Analysis of Responses to the Consultation Document A New Special Health Board for Education in NHSScotland
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Learning Together 1, the education, training and lifelong learning strategy for NHSScotland, signalled the intention to create an umbrella forum for educational support for all staff. In June 2001 the Minister for Health and Community Care announced the creation of a new Special Health Board on 1 April 2002 to bring that intention into effect.
This consultation paper offered the opportunity for interested parties to let the Scottish Executive Health Department know their thoughts about the nature and form of the new body, what it should look like in five years' time and beyond, and how it should get there. There were specific questions contained within the document but respondents were also free to add additional comments. The results of this consultation will also inform and assist the new Board as it begins its deliberations and sets its strategic direction for delivering its long-term vision.
The consultation paper was issued on 5 November 2001 and the consultation period closed on 1 February 2002.
181 responses were received across the following categories:
Non NHS Organisations
[Please Note: Some responses covered 2 categories (e.g. primary care nursing) and so have been counted twice in the above table although not in the overall number of responses.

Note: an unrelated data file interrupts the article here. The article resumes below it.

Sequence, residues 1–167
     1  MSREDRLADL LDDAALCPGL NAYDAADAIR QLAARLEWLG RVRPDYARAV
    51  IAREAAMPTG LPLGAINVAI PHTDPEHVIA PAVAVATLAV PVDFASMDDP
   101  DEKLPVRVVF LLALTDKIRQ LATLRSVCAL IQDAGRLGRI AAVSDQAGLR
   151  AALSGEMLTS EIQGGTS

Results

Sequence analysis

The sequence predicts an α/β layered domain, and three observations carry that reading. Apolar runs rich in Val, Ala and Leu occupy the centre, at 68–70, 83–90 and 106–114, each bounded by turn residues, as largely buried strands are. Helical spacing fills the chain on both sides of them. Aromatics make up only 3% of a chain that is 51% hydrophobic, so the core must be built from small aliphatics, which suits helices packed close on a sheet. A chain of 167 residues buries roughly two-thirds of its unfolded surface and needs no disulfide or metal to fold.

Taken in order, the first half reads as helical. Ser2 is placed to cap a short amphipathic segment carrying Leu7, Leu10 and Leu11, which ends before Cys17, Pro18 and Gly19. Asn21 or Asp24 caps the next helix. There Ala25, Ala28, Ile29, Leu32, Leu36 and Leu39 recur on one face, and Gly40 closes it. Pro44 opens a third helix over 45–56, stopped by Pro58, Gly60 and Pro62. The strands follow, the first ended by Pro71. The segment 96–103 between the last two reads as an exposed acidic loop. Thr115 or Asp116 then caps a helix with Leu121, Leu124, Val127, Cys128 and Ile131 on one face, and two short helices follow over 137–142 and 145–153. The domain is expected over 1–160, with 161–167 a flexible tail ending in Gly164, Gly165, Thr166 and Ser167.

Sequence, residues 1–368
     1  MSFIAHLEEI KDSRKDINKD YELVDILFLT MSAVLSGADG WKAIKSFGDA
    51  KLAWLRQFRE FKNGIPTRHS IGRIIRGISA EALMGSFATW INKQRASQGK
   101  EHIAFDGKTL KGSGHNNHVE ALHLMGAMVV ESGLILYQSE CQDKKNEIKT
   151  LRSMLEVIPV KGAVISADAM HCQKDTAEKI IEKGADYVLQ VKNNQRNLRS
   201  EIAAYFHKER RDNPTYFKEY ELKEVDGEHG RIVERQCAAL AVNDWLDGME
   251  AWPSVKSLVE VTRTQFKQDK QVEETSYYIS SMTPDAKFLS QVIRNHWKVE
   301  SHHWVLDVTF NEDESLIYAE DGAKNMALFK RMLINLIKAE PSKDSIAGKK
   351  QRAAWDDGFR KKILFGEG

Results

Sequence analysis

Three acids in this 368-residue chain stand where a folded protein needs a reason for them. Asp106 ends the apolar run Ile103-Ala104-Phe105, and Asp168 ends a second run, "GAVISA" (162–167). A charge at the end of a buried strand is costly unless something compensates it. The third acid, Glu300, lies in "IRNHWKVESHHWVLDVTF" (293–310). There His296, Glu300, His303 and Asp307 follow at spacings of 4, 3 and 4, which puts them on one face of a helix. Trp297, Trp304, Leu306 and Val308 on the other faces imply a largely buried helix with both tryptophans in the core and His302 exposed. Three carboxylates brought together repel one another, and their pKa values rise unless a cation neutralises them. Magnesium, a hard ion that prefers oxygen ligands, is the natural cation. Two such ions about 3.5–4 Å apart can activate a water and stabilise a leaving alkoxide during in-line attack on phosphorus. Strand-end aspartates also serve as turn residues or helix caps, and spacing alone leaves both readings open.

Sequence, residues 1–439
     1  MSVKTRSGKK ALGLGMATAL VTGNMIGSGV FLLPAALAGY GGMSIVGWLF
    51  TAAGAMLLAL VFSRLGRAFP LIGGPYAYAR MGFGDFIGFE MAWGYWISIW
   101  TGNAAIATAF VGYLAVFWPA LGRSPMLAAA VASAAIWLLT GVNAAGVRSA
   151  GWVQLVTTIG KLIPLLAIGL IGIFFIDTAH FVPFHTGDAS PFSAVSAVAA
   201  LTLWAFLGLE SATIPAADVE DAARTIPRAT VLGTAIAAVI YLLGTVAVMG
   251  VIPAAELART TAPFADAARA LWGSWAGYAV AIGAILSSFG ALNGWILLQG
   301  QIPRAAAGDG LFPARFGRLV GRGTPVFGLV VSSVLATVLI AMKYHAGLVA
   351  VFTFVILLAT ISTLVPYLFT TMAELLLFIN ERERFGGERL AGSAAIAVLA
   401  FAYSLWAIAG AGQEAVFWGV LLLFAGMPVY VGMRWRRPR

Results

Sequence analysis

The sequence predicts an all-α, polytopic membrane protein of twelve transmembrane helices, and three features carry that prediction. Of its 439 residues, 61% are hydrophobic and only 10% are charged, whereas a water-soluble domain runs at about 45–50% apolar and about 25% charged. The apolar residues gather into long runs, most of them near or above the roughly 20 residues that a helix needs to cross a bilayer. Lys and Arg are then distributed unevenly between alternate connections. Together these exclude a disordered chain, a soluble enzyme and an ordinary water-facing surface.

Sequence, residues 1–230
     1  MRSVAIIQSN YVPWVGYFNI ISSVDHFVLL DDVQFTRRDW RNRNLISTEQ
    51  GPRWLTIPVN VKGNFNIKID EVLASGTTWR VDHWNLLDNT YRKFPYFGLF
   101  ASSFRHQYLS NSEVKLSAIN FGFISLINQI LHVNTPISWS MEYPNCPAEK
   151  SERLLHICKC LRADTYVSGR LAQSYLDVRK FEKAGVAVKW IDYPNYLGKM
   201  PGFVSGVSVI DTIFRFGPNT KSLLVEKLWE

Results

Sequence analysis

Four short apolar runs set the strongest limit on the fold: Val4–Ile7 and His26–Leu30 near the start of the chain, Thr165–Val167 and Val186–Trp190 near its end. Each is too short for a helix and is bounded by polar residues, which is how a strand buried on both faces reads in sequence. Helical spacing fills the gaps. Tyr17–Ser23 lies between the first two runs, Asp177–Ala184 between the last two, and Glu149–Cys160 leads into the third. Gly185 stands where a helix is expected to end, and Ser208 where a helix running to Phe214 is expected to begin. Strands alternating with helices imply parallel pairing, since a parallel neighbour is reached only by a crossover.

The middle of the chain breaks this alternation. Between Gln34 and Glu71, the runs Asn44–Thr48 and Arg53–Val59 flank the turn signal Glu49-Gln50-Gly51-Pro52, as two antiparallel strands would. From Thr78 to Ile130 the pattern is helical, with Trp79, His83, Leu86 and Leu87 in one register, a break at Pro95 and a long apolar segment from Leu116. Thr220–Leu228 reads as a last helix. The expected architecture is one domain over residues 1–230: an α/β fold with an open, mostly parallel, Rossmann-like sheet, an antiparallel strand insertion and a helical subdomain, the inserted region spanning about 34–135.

Responses have been classed as individual/personal only where it has not been clear where the respondent's interest lies.]
All responses were summarised and the following analysis made, based on the questions posed within the consultation document. Numbers in brackets refer to the number of responses expressing that particular opinion.
We are grateful to all those who took the time to respond.
1. What name do you favour for the new Special Health Board?
110 respondents commented on this question. The name favoured by the greatest number of people was NHS Education for Scotland (36), with second and third choice being NHS Education Board for Scotland (7) and NHS Learning (4). Most others put forward alternative suggestions and a list of suggestions is attached at Annex A.
Although NHS Education for Scotland was the favoured name, concerns were raised on 3 grounds:
The use of "NHS" could give the impression of excluding those healthcare staff who work outwith the NHS.
The use of "education" calls up a picture of formal, classroom learning and
The possibility of confusion with the Health Education Board for Scotland (HEBS)
2. To what degree should NHS Education for Scotland be responsible for both the national framework to support local employers' learning responsibilities and for structures for learning support for specific staff groups?
130 of the responses received addressed this question. The majority (69) were firmly in favour of NES being given the oversight of the national framework for education, training and lifelong learning in NHSScotland. The advantages of one body having this responsibility were seen to be co-ordination and oversight (5) of the wealth of expertise that already exists; the opportunity to ensure consistency and equity of access to education and training for all staff (13); and the encouragement and dissemination of good practice (4).